The Washington Post's Zach Goldfarb proposes a Cabinet full of Nobel Prize winners in the paper's "Outlook" section. NRO readers will not be surprised to see that the list skews left, with Paul Krugman at the Commerce Department, Jimmy Carter at HUD, and Toni Morrison as secretary of education. The only two conservatives on Goldfarb's list are Henry Kissinger (Homeland Security) and Gary Becker, an unconventional choice for attorney general.
This bias among the Nobel winners should come as no surprise: The Right has long found itself cut out of mainstream institutions. But conservatives have become pretty good at creating their own counterestablishment over the last three decades, and they even now have an analog for the Nobel of sorts, the annual Bradley Prize. While Goldfarb has a point in saying that a liberal president might want to look at the universe of Nobel Prize winners to fill out his cabinet, it turns out that a Republican president who looked at the universe of Bradley Prize winners would do pretty well for himself, and arguably better than a president who relied on Nobelists.
Here are my selections, with one caveat: Goldfarb tried to force Al Gore in as secretary of transportation, but I will try to limit my choices to those who are obviously good fits for the job.
State: John Bolton — He has already served as the undersecretary at state, and has been Senate confirmed for five previous positions.
Treasury: John Taylor — Like Bolton, he has already served as undersecretary at the Department in question.
Defense: Victor Davis Hanson — No one understands the mechanics and history of warfare better.
Justice: Gary Becker — He was Goldfarb's choice for the slot, based on his groundbreaking work on the incentives of punishment. Since the overlap between the Nobels and the Bradleys is so small, I will defer to Goldfarb here.
Housing and Urban Development: Bob Woodson — A true expert and leader when it comes to community-based solutions to fighting poverty.
Commerce: Michael Barone — One of our nation's most astute demographers, I can think of no one better to oversee the department that houses the census.
Health and Human Services: Charles Krauthammer — An M.D. and former White House aide, he is also a former member of President Bush's bioethics task force, and has written some penetrating analyses of the Obama health-care law.
White House Chief of Staff: Bill Kristol — He has already served as a vice-presidential chief of staff, and he has a polymathic grasp of both domestic and foreign policy.
Labor: George Will — Men at Work may have been his best book.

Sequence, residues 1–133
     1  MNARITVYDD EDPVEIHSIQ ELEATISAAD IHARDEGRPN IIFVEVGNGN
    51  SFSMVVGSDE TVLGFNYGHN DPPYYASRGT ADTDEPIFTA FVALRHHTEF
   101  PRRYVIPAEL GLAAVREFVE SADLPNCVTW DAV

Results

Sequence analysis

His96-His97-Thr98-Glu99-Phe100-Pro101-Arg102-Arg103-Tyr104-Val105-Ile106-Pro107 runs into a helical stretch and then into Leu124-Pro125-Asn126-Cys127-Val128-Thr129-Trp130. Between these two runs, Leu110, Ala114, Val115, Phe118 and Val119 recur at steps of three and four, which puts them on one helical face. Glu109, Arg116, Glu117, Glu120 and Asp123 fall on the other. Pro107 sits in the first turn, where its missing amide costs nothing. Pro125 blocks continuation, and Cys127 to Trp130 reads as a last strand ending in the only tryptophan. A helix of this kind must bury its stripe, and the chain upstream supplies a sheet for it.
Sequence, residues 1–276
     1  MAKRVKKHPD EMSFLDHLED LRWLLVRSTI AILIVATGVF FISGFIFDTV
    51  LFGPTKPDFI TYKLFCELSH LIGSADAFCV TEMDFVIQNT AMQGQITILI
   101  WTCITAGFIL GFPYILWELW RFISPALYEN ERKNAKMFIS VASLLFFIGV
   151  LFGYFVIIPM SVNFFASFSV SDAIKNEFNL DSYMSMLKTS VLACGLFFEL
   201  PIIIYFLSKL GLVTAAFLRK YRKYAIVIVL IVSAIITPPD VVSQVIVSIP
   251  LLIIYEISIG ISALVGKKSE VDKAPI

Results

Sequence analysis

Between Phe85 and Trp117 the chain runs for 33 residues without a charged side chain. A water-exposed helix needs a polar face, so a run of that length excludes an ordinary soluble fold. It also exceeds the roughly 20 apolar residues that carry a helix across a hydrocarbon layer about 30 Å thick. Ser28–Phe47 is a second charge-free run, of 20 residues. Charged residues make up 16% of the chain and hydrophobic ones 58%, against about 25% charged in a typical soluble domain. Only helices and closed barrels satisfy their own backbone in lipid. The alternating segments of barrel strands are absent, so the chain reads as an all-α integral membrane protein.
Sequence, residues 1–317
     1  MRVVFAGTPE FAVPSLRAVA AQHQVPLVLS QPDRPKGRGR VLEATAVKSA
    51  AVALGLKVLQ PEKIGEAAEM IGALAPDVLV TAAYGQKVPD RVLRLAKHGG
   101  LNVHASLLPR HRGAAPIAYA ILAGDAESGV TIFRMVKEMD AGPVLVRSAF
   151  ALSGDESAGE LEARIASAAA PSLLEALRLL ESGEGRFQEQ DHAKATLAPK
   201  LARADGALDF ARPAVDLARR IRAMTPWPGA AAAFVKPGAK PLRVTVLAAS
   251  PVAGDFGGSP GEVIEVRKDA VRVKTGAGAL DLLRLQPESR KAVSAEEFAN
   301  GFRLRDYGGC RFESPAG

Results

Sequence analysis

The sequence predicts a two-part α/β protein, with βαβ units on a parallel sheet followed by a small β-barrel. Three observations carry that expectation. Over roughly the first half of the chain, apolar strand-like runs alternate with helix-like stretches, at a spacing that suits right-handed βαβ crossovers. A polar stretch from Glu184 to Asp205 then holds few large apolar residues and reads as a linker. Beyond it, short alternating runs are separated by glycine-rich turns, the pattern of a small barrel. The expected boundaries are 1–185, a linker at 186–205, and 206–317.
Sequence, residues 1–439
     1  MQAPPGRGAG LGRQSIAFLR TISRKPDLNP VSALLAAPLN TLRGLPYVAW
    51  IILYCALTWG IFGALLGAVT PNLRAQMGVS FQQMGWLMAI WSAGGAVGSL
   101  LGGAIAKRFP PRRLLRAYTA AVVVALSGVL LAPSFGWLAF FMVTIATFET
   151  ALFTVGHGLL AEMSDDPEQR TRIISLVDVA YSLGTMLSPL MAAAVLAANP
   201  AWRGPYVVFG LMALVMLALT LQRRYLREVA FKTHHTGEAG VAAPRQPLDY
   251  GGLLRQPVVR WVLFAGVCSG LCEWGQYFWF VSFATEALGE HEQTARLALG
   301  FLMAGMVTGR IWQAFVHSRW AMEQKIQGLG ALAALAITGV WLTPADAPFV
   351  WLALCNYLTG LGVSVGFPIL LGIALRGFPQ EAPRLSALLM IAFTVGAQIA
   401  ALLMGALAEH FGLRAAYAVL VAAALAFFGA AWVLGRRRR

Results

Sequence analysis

Education: Alan Charles Kors — As co-founder of the Foundation for Individual Rights in Education, he would put the emphasis on the rights of students rather than bureaucracies, and he would never cave in to the forces of political correctness.
Veterans Affairs: Victor Davis Hanson — I know this would be double-hatting him, but anyone aware of his prodigious writings will agree that he is up to the task. More importantly, he understands the importance of the fighting man, and would work tirelessly to maintain the dignity of our veterans.
Homeland Security: Heather Mac Donald — As an expert on homeland security, immigration, and crime, she would ask some of the key first questions that still have not been asked regarding the mission and approach of this mammoth yet essential new department.
Agriculture, Interior, Energy, EPA, and Transportation: No obvious choices. The Bradley folks might want to pick some folks that fit the bill in these fields if they want to have an all-Bradley-winning Cabinet someday.
Supreme Court Justices: Founders and leaders of the Federalist Society for Public Policy Studies – Goldfarb did not have this as a category, but they are among the most important selections a president makes, and one can't go wrong in picking the founders and leaders of the Federalist Society. If they can't serve themselves, they will find the right people who can.
The best thing about this exercise is in looking at the bench strength that the Bradley winners have. Some of the tremendously talented people who did not make this first cut include Paul Gigot, Bradley Smith, James Q. Wilson (who could be my secretary of just about anything), Martin Feldstein, Leon Kass, Thomas Sowell, and Robert George. And since top officials in Republican administrations usually serve about 24 months, it's important to have a lot of talent waiting in the wings. Now the trick for conservatives will be to find a Republican president wise enough to let the good folks at Bradley screen his Cabinet picks.